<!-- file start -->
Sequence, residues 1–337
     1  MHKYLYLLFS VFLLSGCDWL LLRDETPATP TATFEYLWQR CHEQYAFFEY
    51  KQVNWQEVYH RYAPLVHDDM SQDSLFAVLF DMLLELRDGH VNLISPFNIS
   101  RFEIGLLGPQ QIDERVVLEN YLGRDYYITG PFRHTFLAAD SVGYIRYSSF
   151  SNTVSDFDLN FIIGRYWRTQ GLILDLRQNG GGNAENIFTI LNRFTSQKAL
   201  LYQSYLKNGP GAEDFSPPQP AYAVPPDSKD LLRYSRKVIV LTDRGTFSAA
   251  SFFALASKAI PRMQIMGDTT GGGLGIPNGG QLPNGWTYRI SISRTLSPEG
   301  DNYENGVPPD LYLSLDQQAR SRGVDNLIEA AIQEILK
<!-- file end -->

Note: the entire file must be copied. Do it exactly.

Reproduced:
Sequence, residues 1–337
     1  MHKYLYLLFS VFLLSGCDWL LLRDETPATP TATFEYLWQR CHEQYAFFEY
    51  KQVNWQEVYH RYAPLVHDDM SQDSLFAVLF DMLLELRDGH VNLISPFNIS
   101  RFEIGLLGPQ QIDERVVLEN YLGRDYYITG PFRHTFLAAD SVGYIRYSSF
   151  SNTVSDFDLN FIIGRYWRTQ GLILDLRQNG GGNAENIFTI LNRFTSQKAL
   201  LYQSYLKNGP GAEDFSPPQP AYAVPPDSKD LLRYSRKVIV LTDRGTFSAA
   251  SFFALASKAI PRMQIMGDTT GGGLGIPNGG QLPNGWTYRI SISRTLSPEG
   301  DNYENGVPPD LYLSLDQQAR SRGVDNLIEA AIQEILK